Something else that was really instructional for me was years ago team teaching with Linda Christianson and at some point she was showing slides of cups and talking really beautifully about cups, and maybe the last image or two she had was cups and saucers. The thing that was really great, in the same way that we were talking about ‘enough pots’, when she got to the cup and saucer part she said “Its not enough for the cup and saucer to fit. Don’t think ‘Does the cup fit the saucer?’, but ‘Does the cup need the saucer? And does the saucer need the cup?'” And just because she phrased it in that small little way just made me (and probably everybody in the room) think so differently about cups and saucers. I just love when you change a word and all of a sudden everything about it changes.” (From the podcast starting at around 7:30)

The funny thing for me was that just a day or so before listening to that podcast with Nick and Michel I had made some very similar grammatical observations to a blogger friend who runs the innovative Art Museum in Santa Cruz California. She had just been interviewed by the Wall Street Journal and the article ran a few days previously. The Museum she runs is on the cutting edge of the new model for participatory museum experience for audiences, and if anything, the WSJ represents the Old Guard of tradition and commodification that has informed most museums until recently. Her reaction to the article prompted a blog response that asked the question “Where’s the community in the crowd?” and asked her readers to suggest alternate framing for how the message of participation in the Arts and in art museums can be viewed. I’ll just paste my email response to her:

“Hey Nina,

So that was the interview you were gearing up for! I read the article and was disappointed but not surprised that the stance was so thoroughly seated in the “nothing good can come from bypassing the experts” point of view. One thing I’d like to point out is that this way of looking at things depends on art being identified mostly as objects of one sort or another. ‘Art’ is essentially a noun for these people, and that automatically calls into question how we (the public) are related to it. It becomes easy to say that if this is art, then the people who made it are the artists, and everyone else is something different. By looking at it this way, as a noun, art becomes divisive. Ordinary people only get access to art from the sanctioned dispensers and framers of art objects.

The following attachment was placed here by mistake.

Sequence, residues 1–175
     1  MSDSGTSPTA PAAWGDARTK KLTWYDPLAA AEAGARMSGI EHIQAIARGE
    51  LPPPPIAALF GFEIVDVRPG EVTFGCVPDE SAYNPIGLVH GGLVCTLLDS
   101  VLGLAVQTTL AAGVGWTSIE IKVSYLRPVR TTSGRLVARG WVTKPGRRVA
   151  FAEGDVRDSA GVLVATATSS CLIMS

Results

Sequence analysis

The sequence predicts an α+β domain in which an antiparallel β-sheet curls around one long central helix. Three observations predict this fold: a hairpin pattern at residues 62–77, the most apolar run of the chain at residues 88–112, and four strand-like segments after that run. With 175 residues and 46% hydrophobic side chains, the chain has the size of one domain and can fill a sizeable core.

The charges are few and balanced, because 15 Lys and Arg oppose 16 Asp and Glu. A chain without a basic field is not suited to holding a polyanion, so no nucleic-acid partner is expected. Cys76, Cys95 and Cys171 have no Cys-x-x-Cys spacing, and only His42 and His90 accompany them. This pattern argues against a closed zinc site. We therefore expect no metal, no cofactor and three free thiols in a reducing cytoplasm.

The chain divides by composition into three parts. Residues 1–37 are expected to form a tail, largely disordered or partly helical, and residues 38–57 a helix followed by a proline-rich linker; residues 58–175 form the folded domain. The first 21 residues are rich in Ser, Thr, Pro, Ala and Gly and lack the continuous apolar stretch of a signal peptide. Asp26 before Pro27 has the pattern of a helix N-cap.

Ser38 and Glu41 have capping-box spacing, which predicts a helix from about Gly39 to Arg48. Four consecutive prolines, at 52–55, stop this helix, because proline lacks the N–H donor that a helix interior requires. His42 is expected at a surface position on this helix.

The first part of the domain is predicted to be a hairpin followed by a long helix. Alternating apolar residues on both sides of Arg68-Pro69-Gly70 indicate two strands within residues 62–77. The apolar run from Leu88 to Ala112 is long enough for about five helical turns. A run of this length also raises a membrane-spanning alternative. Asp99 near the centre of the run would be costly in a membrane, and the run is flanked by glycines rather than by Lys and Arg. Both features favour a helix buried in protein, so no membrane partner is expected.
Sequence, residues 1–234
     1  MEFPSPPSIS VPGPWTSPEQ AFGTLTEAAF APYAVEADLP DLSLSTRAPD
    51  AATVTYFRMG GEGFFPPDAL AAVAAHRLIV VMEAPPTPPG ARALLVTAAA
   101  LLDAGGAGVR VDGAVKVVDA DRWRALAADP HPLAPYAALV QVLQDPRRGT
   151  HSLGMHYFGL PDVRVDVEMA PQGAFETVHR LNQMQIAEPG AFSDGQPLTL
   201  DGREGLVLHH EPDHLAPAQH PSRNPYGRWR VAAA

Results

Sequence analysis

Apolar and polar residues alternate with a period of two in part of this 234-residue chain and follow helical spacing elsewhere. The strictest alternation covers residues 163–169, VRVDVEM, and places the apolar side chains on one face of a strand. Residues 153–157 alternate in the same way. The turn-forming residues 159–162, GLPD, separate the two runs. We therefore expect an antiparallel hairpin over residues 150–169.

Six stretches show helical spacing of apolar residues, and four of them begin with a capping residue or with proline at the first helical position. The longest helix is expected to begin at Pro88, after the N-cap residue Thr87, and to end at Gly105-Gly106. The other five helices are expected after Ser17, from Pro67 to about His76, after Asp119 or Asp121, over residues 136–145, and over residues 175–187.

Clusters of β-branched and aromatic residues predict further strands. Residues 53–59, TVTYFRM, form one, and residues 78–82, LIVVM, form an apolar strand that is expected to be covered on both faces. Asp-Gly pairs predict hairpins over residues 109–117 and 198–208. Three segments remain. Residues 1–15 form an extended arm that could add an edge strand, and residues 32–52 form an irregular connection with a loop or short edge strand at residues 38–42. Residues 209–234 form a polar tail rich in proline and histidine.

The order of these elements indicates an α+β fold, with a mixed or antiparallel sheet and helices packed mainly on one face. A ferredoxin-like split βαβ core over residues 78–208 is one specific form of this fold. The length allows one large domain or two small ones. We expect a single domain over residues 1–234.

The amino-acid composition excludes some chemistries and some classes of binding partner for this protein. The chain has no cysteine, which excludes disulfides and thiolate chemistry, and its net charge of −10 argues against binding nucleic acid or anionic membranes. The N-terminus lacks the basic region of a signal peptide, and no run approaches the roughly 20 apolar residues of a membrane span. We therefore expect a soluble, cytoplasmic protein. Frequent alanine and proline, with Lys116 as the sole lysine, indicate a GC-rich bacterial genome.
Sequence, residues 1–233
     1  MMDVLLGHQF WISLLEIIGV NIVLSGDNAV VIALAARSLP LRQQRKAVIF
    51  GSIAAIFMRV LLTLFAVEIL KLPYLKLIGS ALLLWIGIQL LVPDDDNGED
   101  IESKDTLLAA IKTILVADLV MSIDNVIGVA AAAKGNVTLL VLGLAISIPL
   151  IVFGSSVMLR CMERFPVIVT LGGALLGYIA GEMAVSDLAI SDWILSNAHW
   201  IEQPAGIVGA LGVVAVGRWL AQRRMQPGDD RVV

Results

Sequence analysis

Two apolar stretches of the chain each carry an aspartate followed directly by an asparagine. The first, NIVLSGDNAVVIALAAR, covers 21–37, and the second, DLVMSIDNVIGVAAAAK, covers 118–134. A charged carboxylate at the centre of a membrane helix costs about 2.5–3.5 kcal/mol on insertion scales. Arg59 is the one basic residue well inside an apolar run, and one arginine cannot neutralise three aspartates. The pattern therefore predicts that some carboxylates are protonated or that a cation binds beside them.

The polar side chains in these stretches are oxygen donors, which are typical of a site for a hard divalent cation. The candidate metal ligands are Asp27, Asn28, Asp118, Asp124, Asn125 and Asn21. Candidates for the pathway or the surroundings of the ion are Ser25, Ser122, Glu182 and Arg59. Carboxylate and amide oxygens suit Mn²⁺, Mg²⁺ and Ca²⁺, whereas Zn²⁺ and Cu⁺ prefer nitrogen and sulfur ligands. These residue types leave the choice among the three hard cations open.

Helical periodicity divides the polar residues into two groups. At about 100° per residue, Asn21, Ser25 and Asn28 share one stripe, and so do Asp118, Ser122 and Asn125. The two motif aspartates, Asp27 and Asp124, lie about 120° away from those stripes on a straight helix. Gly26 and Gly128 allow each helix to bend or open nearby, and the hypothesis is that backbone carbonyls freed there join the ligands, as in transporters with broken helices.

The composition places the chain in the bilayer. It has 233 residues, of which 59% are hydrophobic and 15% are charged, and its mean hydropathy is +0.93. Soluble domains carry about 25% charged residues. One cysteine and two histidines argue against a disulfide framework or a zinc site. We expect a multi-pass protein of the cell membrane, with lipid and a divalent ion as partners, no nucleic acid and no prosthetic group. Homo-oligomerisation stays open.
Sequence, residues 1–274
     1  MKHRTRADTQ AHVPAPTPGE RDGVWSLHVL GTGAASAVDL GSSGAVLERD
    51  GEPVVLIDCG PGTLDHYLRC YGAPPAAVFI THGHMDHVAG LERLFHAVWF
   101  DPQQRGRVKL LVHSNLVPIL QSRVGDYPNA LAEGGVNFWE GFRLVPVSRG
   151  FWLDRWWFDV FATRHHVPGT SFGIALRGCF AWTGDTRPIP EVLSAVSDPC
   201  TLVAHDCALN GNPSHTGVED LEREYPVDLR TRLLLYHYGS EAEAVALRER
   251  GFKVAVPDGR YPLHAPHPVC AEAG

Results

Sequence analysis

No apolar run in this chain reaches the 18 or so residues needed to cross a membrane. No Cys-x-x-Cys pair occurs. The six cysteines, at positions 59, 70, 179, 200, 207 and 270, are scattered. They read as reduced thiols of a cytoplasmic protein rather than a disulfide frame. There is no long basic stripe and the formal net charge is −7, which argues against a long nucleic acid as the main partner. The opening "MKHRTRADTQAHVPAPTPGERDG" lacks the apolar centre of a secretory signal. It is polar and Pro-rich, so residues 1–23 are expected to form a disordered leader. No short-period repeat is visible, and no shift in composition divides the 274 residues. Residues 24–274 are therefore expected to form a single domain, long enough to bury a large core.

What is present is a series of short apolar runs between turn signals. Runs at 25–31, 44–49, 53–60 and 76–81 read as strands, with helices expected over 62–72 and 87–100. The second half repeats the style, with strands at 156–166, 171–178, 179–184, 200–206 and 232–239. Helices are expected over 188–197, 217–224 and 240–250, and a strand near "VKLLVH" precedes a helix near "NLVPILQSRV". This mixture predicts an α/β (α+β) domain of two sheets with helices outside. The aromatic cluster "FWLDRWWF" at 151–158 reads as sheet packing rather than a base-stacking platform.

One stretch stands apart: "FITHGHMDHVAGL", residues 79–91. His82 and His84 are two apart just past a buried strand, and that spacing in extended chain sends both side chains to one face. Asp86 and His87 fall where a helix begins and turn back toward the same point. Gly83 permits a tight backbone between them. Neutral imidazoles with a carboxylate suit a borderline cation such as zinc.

I think you are on the right path in asking us to question that division. And I think the key is to understand art not simply as a noun, but also as a verb. The verb of art means that doing certain things counts as making art. You do this and thereby you also are a maker of art. Its inclusive, because everyone has the potential to do these things. You can’t draw an easy line around the sorts of painting that are done by ‘artists’ and non artists because there really is very little different about the practice itself.

But this division is precisely what traditional museums are counting on, that the ‘art’ is the exceptional stuff. And once you recognize the verb value of ‘art’ it becomes possible to see that all forms of creativity are related. The idea of traditional museums is to hide that fact from us by treating art as only the special objects made by special people, but by making art participatory the doors are now much wider. Ordinary people have access to art not because it is mediated for them but because they can do it themselves. The verb of ‘arting’ has that power.

And I think the same change can be made in how we talk about community. The way you first phrased the question it sounded like you were asking for another noun, that community is just this thing that we belong to. I’d suggest that we start learning to treat the idea of community also as a verb. Community isn’t just the group, but the doing that makes it a group. We shouldn’t be concerned with ‘finding communities’ by looking for groups of people, but finding communities by looking at the activities that bring people together. Those activities are the community. If backgrounds give us the community we grew up in, then diverse people coming together to do new things will create new communities. Its that simple.

I have been arguing for some time now that rather than trying to find a place for art in our communities (groups of people), we should be focused on finding a place for art within ourselves. Once we discover that we ourselves are artists, then we will automatically have also found the potential for community in the fellows who share these practices with us. “You’re a painter? I’m a painter too!” Instant community.